Earlier this year, the story of four Air Force pilots who received controversial letters of reprimand for unbecoming texts sent to one another made headlines. Now, as the future careers of the pilots still remains uncertain, Air Force Times took a close look at the case against the pilots and spoke to legal experts about Air Force's questionable actions against them.
During an unrelated investigation, the text messages of four instructional Air Force pilots were found to contain drug references and the pilots were promptly served letters of reprimand. One of the pilots was able to successfully assert in an Article 15 hearing what many now believe to be true: that the pilots never did any drugs and all drug references contained in the texts were simply references to popular songs and movies between friends. All four pilots later passed drug tests, as well.
Earlier this month, Chief of Staff Gen. Mark Welsh met with Rep. Duncan Hunter and Rep. Adam Kinzinger—both former servicemen—about their concerns about the case. As Joe Kasper, a spokesmen for Hunter, told the press: "The texts were a mix of banter, music and pop culture references. Quite often, as I do myself and many others do too, there were euphemisms and metaphors within the conversations. Having seen the full extent of the messages from everyone involved, I can attest to this." The texts have not been released to the public.
QUESTIONABLE SEIZURES & STANDARDS
As Air Force Times explores, one of the more contentious elements of the case against the pilots is the manner in which the Air Force Office of Special Investigations (OIS) obtained the texts in the first place. According to accounts and records, OIS seized the pilots' phones by asserting that they had warrants-- but the warrants for the phones on record were signed a day after the phones were taken.
“If you hand them your phone, they can’t look at it, they can just hold it until they get a warrant to search it—or an authorization to search it. If they didn’t have authorization to search it, then search was illegal," Guy Womack, a former Marine Corps judge advocate told Air Force Times. "It’s not consensual if you tell someone, ‘Hey, I’ve got a warrant, you might as well give it to me.' That’s not valid because you didn’t know that you could refuse consent. It’s only consensual if you believe you can refuse and you give that up and you say, 'OK, go ahead and take it.'"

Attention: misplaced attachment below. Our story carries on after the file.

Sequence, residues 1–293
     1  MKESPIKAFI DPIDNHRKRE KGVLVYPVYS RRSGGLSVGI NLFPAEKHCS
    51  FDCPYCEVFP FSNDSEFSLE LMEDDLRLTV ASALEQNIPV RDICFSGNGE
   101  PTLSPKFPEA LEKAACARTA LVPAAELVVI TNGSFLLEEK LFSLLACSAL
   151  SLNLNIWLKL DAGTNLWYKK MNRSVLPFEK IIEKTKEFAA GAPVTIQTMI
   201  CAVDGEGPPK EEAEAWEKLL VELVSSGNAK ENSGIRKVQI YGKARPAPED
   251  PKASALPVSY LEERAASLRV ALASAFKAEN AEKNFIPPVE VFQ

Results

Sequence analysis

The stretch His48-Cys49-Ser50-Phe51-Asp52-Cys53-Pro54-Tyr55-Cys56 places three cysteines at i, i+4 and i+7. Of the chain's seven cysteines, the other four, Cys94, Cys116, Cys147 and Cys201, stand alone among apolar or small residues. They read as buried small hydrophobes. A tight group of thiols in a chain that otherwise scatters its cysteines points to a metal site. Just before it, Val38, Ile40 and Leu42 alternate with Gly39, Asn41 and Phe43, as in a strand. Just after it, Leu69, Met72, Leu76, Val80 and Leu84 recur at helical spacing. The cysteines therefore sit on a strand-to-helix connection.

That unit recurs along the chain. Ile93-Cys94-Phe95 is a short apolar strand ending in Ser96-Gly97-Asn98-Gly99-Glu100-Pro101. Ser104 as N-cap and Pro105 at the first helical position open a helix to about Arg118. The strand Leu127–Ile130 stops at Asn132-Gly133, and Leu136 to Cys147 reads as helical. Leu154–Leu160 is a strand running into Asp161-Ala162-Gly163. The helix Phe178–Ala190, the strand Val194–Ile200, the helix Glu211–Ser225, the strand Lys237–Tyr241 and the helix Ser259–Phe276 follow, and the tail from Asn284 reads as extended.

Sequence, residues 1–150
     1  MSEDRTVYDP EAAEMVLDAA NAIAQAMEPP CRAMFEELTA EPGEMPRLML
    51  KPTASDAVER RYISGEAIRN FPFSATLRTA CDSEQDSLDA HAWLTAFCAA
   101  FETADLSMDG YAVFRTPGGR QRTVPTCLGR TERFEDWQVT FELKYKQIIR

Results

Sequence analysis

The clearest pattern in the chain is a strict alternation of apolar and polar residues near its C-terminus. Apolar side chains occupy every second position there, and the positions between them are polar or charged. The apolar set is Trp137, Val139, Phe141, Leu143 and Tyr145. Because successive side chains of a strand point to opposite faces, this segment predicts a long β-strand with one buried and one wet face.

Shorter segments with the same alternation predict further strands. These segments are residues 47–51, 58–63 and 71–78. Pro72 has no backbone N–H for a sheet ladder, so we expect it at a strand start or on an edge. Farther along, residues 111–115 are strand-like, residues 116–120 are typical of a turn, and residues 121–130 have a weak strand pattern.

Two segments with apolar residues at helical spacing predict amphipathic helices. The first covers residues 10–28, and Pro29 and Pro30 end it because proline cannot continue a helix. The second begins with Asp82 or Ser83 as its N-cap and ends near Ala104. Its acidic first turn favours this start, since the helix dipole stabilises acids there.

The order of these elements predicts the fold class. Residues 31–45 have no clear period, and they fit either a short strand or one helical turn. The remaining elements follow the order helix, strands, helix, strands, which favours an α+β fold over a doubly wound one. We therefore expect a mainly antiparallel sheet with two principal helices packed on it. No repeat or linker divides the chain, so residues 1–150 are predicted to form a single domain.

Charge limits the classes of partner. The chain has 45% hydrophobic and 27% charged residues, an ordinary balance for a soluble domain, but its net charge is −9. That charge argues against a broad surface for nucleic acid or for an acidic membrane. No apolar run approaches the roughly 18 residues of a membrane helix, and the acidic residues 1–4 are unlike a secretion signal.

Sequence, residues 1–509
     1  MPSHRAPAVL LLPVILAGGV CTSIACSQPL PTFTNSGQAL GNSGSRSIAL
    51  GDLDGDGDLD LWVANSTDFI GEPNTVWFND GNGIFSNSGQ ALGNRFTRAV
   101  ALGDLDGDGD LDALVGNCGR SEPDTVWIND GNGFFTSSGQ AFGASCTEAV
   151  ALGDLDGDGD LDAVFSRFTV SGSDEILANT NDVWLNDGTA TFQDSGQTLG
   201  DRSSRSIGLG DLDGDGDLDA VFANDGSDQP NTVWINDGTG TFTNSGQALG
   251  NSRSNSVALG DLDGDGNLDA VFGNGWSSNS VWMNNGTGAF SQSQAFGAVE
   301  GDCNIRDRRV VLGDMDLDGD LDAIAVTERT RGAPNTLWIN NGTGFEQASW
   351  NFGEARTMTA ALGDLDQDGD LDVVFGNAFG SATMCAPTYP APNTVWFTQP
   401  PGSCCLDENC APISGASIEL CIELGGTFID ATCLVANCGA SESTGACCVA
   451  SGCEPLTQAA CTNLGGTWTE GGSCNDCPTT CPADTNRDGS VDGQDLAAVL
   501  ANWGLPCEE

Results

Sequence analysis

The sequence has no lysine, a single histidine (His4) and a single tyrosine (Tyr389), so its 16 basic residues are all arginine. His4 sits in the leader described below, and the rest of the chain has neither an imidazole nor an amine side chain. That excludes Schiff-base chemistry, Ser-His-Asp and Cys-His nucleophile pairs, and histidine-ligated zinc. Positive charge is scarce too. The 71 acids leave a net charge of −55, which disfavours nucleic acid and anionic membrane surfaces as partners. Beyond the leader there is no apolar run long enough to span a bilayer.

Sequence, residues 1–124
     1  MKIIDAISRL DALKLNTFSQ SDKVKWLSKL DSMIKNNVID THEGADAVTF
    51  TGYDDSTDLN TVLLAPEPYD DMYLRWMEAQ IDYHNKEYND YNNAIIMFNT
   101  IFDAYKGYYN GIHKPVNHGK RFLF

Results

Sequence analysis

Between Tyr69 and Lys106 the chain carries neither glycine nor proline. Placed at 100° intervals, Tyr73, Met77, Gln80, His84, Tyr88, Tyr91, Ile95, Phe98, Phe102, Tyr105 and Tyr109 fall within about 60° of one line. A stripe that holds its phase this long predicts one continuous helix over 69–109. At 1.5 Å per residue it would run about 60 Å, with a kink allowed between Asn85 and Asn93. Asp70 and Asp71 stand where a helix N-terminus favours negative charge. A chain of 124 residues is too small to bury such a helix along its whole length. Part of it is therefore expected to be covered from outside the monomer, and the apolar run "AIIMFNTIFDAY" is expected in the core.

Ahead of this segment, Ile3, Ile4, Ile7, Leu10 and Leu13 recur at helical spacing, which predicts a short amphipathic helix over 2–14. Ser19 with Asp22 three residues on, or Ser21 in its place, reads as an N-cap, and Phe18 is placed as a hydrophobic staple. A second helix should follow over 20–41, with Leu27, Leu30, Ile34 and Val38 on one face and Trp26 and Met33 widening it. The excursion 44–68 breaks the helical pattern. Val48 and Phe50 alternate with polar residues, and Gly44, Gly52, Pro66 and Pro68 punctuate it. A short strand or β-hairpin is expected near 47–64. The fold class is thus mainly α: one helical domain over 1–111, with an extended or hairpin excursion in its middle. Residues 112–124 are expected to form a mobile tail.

Additionally, some question where the line between acceptable military behavior and inappropriate behavior actually lies. The letters of reprimand cite "inappropriate" behavior-- but was the pilots' behavior actually inappropriate? Court-martial lawyer Michael Waddington shared his trepidation about these kinds of broad and vague accusations.
“I think in his letter, they phrased it as, ‘inappropriate.’ It was basically a generic catch-all like under ‘conduct unbecoming’—‘inappropriate behavior,’ ‘inappropriate conduct’—but there’s really nothing inappropriate about it," he said, adding that neither the Defense Department nor the UCMJ has an official definition of what constitutes unprofessional behavior. "There’s no such thing; otherwise, you could be just making up charges," Waddington added, "Somebody could get drunk in his backyard and play rap music and that would be considered unprofessional by some standards."
AN UNCERTAIN FUTURE FOR THE PILOTS
Chief of Staff Gen. Mark Welsh is said to be reviewing the pilots' case now and told the intervening lawmakers that they will have some kind new appraisal of the situation sometime in November. In the meantime, the pilots have little recourse but to accept their letters of reprimand and whatever tasks they are given outside of an aircraft cockpit—a fact that some consider a waste.
Brig. Gen. Brian Kelly told Air Force Times this year that it costs $9 million to train a single pilot, meaning that the Air Force has already made a considerable investment in each of the accused pilots in this case. "Unless they get the wings back—which hopefully they do—they’re going to be sitting around handing out basketballs at a gym or doing something like that," Waddington also told Air Force Times. "After all those years of training and all that hard work, I’d rather have those guys out there on the front lines doing their jobs."
Joseph L. Jordan, Attorney at Law is a proven and sought-after military lawyer who has successfully protected the rights of service members from nearly every branch of the U.S. military. He calls upon more than a decade of experience in the U.S. Army to advocate for his clients and has traveled all over the world to ensure that service members are properly defended against whatever allegations they might face.
If you are facing a criminal accusation or an adverse administrative action, get the counsel you need to protect your reputation, your career, and your future. Contact us today.